The creation in medieval western Europe of a number of large political units-France, England, Castile-which had succeeded in building up and maintaining a relatively strong administrative apparatus, and had at once drawn strength from, and fostered, some sense of collective identity, certainly pointed strongly in a unitary direction. But dynastic ambition, deriving from the deeply rooted European sense of family and patrimony, cut across unitary tendencies and constantly threatened, through the continuing pursuit of new territorial acquisitions, to dilute the internal cohesion that was so laboriously being achieved.
For monarchs concerned with aggrandisement, the creation of composite states seemed a natural and easy way forward. New territorial acquisitions meant enhanced prestige and potentially valuable new sources of wealth. They were all the more to be prized if they possessed the additional advantages of contiguity and what was known as 'conformity'. James VI (of Scotland) and I (of England and Ireland) would use the argument of contiguity to strengthen the case for the union of the Crowns of England and Scotland. It was also considered easier to make the new union stick where there were marked similarities in 'language, customs and institutions', as Machiavelli observed in the third chapter of The Prince. Francesco Guicciardini made the same point when he spoke of the conformità that made the newly conquered kingdom of Navarre such a fine acquisition for Ferdinand the Catholic. Yet contiguity and conformity did not necessarily of themselves lead on to integral union. Spanish Navarre remained in many respects a kingdom apart, and saw no major transformation of its traditional laws, institutions and customs before 1841.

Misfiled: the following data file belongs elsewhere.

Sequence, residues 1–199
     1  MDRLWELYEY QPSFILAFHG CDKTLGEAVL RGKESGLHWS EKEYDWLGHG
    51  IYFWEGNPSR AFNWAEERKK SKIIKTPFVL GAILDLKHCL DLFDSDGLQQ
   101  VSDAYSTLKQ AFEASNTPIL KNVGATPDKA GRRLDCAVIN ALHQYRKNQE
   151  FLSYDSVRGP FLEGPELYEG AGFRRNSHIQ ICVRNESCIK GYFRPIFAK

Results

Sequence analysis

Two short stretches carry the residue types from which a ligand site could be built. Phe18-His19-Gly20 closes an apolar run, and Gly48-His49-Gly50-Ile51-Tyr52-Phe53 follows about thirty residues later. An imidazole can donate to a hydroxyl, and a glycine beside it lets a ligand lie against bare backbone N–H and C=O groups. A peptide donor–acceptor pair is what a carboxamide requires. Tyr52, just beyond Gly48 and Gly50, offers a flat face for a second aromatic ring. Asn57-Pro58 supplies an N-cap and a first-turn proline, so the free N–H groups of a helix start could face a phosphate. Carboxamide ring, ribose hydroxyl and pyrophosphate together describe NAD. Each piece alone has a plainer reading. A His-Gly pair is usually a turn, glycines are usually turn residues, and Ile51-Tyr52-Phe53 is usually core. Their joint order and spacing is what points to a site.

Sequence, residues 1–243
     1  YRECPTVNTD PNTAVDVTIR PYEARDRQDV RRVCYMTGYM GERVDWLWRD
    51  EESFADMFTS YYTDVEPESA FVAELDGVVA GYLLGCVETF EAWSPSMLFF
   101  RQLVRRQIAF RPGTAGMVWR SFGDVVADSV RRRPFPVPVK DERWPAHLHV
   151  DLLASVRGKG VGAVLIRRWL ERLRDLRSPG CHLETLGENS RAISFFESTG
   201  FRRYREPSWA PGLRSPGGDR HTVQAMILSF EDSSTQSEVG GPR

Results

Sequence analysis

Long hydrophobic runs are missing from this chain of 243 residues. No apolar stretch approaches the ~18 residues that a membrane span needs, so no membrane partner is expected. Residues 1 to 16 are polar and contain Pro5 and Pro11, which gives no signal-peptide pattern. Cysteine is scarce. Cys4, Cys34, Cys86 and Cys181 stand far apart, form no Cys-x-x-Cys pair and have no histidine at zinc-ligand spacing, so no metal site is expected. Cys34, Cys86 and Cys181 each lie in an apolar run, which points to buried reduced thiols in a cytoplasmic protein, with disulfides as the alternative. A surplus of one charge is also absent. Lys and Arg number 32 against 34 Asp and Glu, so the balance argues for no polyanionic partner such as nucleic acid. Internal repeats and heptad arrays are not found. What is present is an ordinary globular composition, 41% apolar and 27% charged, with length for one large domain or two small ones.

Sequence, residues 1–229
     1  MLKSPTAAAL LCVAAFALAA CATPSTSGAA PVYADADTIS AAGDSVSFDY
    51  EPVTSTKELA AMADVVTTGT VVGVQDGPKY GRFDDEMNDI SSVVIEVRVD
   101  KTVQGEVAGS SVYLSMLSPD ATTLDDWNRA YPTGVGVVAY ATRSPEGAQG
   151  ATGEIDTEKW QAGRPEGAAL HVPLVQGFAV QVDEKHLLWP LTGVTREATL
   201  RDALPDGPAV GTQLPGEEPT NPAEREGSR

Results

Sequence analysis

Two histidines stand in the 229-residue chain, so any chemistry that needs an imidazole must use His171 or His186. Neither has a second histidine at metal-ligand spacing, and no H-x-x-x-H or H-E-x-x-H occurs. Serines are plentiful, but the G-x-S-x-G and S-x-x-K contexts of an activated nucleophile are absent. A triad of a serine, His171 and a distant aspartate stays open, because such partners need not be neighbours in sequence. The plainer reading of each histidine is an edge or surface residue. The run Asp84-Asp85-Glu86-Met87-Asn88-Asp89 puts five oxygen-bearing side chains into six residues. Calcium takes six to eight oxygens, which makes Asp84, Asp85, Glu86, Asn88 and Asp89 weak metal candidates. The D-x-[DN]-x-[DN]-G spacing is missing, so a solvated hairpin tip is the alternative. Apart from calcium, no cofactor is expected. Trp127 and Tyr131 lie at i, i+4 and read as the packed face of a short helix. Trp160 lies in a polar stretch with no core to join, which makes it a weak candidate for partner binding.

According to the seventeenth-century Spanish jurist Juan de Solórzano Pereira, there were two ways in which newly acquired territory might be united to a king's other dominions. One was 'accessory' union, whereby a kingdom or province, on union with another, was regarded juridically as part and parcel of it, with its inhabitants possessing the same rights and subject to the same laws. The outstanding example of this kind of union in the Spanish Monarchy was provided by the Spanish Indies, which were juridically incorporated into the Crown of Castile. The incorporation of Wales with England by the Acts of Union of 1536 and 1543 may also be regarded as an accessory union.
There was also, according to Solórzano, the form of union known as aeque principaliter, under which the constituent kingdoms continued after their union to be treated as distinct entities, preserving their own laws, fueros and privileges. 'These kingdoms', wrote Solórzano, 'must be ruled and governed as if the king who holds them all together were king only of each one of them.' Most of the kingdoms and provinces of the Spanish Monarchy-Aragon, Valencia, the principality of Catalonia, the kingdoms of Sicily and Naples, and the different provinces of the Netherlands-fell more or less squarely into this second category. In all of them the king was expected, and indeed obliged, to maintain their distinctive identity and status.